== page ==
On this day, 21 February 1956, the earliest known letter is written by Vernon Bell to Henri Plee. It is believed that Bell wrote to the Fédération Française de Karaté on becoming affiliated with them.
On this day, 21 February 1995, Stephen Cattle died following an epileptic fit. He was only forty-seven. Until his untimely death Cattle was one of the longest practicing Shotokan practitioners in Britain. He was also a keen historian of karate.
Nicknamed ‘Stumpy’ as he was only 5ft 6in, Cattle began training in judo in 1961, eventually reaching the rank of 2nd Dan. He represented Britain at the 1967 World Student Games held in Japan.
However, it is for karate that Cattle is best known. He began his karate training in 1963 applying for membership with the British Karate Federation (BKF) in York. He moved to Liverpool to study Degree in Divinity. It was at this time he started training with Keinosuke Enoeda.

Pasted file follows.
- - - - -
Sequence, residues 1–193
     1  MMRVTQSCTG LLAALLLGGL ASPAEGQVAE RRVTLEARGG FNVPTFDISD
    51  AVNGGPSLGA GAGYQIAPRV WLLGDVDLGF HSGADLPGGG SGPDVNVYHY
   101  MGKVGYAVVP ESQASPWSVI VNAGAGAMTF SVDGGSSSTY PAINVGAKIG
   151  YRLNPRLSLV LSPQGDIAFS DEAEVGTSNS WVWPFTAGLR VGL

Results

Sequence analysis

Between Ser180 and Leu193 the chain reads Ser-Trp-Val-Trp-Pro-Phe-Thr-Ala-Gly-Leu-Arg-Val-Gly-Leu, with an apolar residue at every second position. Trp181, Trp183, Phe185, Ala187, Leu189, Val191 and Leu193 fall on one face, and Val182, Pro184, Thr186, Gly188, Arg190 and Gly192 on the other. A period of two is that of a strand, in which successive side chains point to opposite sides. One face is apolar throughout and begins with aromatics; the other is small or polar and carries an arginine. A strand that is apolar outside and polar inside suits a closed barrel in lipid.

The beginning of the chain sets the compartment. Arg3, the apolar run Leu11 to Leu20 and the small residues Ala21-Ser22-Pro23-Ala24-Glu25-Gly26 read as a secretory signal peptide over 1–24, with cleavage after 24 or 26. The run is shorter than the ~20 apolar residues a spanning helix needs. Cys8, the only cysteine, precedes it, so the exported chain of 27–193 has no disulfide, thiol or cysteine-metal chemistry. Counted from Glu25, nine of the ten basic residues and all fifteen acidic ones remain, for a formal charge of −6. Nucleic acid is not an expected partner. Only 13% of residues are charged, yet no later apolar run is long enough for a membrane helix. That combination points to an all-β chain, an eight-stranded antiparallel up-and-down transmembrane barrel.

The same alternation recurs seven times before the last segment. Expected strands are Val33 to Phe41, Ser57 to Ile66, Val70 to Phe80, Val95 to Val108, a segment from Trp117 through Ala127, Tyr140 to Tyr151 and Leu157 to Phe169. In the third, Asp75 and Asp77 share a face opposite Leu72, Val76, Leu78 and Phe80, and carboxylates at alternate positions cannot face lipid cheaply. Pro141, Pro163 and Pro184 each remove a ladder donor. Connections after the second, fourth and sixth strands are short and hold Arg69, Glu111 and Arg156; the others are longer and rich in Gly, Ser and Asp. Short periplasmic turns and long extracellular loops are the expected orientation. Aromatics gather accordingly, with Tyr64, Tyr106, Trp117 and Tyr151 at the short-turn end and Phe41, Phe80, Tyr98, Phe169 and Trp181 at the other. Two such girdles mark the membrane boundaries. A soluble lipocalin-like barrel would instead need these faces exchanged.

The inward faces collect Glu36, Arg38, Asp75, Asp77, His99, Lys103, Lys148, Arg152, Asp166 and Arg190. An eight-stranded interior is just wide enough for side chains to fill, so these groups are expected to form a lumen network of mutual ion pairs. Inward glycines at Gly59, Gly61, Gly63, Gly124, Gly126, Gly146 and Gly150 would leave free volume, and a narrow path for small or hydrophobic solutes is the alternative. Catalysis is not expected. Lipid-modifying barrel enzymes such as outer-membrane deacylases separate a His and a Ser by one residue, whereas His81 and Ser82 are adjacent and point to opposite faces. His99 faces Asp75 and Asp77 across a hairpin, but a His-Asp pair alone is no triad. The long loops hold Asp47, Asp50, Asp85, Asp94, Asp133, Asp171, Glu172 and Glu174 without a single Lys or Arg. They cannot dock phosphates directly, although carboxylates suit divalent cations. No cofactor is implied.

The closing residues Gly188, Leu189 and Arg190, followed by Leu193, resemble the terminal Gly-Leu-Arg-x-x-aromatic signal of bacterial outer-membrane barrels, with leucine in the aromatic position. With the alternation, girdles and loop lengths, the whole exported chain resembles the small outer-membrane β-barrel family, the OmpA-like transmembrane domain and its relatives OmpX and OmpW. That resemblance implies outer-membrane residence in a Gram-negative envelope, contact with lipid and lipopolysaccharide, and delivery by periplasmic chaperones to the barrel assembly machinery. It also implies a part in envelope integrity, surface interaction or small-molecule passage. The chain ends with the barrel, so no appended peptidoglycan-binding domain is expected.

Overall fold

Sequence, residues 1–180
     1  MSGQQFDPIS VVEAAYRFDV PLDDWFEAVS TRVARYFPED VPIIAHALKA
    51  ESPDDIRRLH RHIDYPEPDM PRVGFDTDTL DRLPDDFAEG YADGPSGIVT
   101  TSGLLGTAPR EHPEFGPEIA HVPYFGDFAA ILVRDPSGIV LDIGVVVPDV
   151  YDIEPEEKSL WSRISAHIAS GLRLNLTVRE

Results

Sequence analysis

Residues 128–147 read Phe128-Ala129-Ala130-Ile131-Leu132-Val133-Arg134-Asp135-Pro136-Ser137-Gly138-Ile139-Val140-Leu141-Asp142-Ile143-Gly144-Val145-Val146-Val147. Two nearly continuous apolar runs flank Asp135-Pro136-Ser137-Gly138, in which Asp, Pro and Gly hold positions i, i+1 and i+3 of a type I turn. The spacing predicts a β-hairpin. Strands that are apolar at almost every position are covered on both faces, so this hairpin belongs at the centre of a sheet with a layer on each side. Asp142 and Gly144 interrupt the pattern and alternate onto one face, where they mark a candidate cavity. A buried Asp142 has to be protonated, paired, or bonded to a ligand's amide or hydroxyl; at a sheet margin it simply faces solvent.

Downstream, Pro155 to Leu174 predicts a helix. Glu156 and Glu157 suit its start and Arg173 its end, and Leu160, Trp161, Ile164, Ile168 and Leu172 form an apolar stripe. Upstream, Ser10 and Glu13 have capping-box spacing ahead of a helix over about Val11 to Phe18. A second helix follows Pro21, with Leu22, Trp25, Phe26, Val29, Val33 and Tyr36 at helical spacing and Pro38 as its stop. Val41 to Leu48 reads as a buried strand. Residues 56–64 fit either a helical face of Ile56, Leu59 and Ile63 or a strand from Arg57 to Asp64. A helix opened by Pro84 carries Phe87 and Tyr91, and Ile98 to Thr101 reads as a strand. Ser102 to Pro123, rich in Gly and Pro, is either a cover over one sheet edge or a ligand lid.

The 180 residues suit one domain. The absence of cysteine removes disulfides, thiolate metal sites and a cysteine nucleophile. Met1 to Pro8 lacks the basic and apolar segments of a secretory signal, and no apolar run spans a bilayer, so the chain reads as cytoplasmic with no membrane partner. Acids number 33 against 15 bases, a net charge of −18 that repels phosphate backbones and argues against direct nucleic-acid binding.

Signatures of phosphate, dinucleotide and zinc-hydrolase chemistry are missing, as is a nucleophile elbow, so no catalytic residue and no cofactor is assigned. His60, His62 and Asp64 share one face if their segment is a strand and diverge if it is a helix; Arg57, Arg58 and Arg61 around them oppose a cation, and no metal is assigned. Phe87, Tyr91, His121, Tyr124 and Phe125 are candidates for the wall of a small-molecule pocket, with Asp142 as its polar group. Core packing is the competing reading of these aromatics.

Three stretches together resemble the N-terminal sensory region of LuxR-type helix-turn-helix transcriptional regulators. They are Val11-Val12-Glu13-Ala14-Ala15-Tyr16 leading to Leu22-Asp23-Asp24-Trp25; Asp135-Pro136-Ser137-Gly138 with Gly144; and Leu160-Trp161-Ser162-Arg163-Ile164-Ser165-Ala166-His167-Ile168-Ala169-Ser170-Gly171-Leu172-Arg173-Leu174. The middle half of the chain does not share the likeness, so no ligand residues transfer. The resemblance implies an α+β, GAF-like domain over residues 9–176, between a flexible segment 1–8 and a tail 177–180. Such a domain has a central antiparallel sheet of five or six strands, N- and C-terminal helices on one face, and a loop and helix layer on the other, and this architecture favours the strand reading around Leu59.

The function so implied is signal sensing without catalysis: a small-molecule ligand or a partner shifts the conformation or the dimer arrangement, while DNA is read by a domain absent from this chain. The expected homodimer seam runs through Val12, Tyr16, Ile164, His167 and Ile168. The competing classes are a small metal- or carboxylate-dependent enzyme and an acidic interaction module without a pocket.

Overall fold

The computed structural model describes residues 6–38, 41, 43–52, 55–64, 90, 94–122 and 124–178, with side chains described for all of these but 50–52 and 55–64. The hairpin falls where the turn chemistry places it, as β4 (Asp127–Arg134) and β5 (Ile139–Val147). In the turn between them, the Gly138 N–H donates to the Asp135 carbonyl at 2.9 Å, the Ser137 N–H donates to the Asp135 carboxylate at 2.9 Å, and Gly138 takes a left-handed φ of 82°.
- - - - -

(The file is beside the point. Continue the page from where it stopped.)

Cattle was selected to become a member of the Karate Union of Great Britain (KUGB) national team. He was a top competitor nationally and internationally, recognized for his accurate punching and great timing.
In the late 1980’s Cattle left the KUGB and joined Taiji Kase’s World Karate Shotokan Karate Association (WKSA).